No visit to the Yukon would be complete without learning about the Indigenous people who make the Yukon the territory of the Kwanlin Dun First Nation and Ta’an Kwäch’än Council. A tour with Indigenous-owned Who What Where will take you to Tagish Learning Centre, where the Kwanlin Dün First Nation is celebrated with artwork and live performances. More locally made crafts and goods can be found in Whitehorse — head to Unorthodox for Indigenous-made jewelry and clothing; Anto Yukon for witty Canadian goods and small-batch soap; and Aroma Borealis for body care products made with native plants. Itching to get creative? Join a cooking class at Well Bread Culinary Centre (think pancakes made with 124-year-old sourdough starter) or a glassblowing session at Lumel Studios, where you can make your own colorful glassware. 
While you’ll be hard-pressed to find a five-star luxury resort in the Yukon, the caliber of accommodation is quickly improving as properties renovate, shift to adults-only retreats, and incorporate wellness treatments into their offerings. One example is Northern Lights Resort, where only guests over the age of 16 are welcome. Here, modern chalets come outfitted with fireplaces and enormous windows that look out onto a snowy canvas. The resort is also unique in its wellness amenities, offering an infrared sauna and treatment room for massages in the main lodge.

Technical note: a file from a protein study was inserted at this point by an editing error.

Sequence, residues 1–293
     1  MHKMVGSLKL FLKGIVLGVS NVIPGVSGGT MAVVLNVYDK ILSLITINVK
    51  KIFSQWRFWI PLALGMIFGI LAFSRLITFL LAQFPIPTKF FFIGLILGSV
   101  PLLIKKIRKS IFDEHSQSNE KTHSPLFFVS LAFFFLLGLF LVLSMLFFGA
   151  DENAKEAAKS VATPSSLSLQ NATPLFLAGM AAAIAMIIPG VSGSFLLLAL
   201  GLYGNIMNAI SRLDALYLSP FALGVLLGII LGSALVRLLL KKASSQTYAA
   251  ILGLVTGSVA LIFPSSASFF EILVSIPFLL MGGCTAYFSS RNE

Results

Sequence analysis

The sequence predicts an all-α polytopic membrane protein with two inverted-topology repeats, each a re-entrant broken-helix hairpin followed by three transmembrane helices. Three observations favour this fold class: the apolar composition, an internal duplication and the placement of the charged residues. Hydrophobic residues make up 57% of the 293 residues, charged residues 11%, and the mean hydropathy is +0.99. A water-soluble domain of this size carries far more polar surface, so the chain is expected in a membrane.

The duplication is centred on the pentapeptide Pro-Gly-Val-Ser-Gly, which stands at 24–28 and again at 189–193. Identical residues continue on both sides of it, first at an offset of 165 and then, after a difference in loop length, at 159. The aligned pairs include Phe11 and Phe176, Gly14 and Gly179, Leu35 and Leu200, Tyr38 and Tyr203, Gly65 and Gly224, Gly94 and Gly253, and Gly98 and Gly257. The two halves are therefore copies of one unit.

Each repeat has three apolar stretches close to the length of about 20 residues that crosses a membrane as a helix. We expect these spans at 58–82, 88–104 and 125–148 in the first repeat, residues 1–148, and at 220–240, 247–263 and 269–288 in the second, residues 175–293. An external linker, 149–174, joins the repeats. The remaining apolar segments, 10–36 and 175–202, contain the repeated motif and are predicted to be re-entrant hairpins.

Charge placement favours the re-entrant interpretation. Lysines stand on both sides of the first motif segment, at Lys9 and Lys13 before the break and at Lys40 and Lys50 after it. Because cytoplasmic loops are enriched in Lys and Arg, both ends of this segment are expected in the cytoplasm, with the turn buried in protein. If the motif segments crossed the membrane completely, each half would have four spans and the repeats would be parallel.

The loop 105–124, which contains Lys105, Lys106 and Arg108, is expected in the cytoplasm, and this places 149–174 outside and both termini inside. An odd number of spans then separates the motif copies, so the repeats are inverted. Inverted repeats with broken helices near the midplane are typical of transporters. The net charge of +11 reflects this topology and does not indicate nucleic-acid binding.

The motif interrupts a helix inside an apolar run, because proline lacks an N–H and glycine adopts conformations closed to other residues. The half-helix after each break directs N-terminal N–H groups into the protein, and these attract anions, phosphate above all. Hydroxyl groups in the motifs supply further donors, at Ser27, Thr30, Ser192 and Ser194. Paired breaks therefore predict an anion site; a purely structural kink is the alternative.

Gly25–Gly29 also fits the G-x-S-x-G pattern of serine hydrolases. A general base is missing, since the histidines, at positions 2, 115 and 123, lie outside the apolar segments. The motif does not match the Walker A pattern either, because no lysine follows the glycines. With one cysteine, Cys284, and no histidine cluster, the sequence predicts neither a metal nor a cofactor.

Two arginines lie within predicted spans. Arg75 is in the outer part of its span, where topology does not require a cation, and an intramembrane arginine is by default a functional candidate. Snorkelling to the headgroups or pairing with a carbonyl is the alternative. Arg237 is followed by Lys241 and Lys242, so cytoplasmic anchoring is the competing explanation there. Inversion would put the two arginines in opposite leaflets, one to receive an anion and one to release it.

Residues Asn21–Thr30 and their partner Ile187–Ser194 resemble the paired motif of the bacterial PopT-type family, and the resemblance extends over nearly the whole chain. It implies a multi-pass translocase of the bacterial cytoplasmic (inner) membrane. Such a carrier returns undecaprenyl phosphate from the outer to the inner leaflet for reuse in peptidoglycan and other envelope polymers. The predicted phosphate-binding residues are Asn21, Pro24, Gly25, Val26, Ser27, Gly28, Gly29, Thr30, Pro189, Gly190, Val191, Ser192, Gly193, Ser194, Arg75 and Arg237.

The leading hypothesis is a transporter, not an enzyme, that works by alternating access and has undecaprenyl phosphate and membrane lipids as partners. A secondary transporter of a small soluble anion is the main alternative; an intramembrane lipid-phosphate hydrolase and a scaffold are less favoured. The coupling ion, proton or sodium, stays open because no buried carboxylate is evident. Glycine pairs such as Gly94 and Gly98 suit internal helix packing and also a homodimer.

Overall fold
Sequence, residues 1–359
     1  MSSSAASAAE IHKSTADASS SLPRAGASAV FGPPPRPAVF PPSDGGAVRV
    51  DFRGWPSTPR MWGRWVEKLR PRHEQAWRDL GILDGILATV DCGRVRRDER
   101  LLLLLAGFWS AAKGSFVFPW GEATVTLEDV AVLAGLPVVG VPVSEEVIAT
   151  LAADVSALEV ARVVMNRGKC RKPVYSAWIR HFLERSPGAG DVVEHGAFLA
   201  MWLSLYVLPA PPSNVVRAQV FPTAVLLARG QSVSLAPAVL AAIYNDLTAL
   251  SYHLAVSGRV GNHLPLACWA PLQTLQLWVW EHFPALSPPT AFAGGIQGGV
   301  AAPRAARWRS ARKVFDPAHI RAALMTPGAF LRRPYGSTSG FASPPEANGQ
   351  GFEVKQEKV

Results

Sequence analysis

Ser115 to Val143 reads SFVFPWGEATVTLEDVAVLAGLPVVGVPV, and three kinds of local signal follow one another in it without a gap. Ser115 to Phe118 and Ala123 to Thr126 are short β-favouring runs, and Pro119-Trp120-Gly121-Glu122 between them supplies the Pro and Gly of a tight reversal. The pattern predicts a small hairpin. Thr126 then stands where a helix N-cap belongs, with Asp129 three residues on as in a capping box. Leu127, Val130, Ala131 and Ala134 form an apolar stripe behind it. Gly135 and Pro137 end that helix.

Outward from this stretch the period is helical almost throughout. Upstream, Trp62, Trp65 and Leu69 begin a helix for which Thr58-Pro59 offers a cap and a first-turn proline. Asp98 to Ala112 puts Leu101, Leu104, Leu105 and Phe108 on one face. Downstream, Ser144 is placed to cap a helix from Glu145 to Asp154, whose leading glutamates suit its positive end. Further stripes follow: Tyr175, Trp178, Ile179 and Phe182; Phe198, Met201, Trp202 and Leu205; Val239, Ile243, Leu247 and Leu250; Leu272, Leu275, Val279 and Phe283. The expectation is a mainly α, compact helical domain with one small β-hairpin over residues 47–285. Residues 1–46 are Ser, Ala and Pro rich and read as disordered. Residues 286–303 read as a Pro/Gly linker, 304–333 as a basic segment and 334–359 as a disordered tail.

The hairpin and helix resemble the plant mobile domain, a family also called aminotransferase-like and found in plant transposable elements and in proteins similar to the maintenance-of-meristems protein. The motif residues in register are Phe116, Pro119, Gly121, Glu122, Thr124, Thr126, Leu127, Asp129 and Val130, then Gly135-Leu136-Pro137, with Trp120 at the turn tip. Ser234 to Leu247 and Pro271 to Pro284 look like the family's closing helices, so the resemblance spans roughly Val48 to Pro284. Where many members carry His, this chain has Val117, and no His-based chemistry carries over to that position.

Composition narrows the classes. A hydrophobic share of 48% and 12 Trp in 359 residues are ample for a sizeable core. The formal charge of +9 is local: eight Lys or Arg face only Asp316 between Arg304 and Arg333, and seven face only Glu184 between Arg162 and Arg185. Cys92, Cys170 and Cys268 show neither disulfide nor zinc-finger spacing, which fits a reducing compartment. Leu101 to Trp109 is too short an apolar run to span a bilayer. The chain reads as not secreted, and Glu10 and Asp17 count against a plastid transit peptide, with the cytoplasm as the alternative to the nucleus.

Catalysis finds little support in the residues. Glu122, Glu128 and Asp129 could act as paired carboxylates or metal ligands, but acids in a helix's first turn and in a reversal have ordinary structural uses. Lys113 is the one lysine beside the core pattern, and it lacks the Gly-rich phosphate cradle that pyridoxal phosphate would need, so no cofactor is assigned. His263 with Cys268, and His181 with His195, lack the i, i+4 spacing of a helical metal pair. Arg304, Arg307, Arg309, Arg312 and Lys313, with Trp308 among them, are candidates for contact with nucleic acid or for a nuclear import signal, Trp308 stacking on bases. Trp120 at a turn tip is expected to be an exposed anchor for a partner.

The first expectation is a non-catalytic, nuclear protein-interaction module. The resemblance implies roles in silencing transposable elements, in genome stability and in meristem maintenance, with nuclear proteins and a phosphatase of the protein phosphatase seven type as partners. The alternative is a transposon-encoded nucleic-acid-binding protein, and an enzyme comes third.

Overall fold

Anna Haines
You’ll also find luxurious villas with floor-to-ceiling windows at Southern Lakes Resort. The resort’s location on the shore of the frozen Tagish Lake makes it the perfect launching pad for winter activities like snowmobiling, dog sledding, and flightseeing. If you prefer to stay in the forest, Boreale Ranch has 16 acres of secluded snowshoeing trails and rooms with mountain views. The standout experience here is stargazing from the outdoor hot tub (complete with a Yukon beer from its well-stocked fridge).  
If you’re staying at any of the aforementioned properties, you don’t have to worry about driving far to eat; they all have in-house chefs who prepare breakfast and offer a set menu for dinner. If you’re staying elsewhere, Southern Lakes Resort is worth the drive to taste chef Bruno’s European-inspired creations — like Swiss chocolate mousse — with stunning views of Tagish Lake. 

Back in Whitehorse, Gather Café and Taphouse is a must for Latin American–inspired fare (think, beer-battered arctic char tacos) and creative cocktails served in handblown glass made at Lumel Studios next door. Plant-based eaters can stock up on all the trendiest healthy snacks at Riverside Grocery (don’t miss the chocolate malt soft serve) and recharge with superfood elixirs, artisanal toasts, and gluten-free desserts at Kind Café

If the cold weather has sparked your hibernation appetite, Smoke and Sow is cooking up Southern barbecue, and Sanchez Cantina has been serving Mexican food for more than 25 years. Warm up with a bowl of ramen at KITA Japanese Kitchen + Bar and Annabelle’s Noodle House, or a cup of local coffee at Baked Café (Whitehorse’s most popular cafe), Midnight Sun (a hipster hangout in a bike shop), or Bean North (set in the forest). Finally, get a closer look at the territory’s growing craft beer scene at Yukon Brewing (whiskey lovers will want to order the Two Brewers whiskey flight), Woodcutter’s Blanket, and Winterlong Brewing

By clicking “Accept All Cookies”, you agree to the storing of cookies on your device to enhance site navigation, analyze site usage, and assist in our marketing efforts.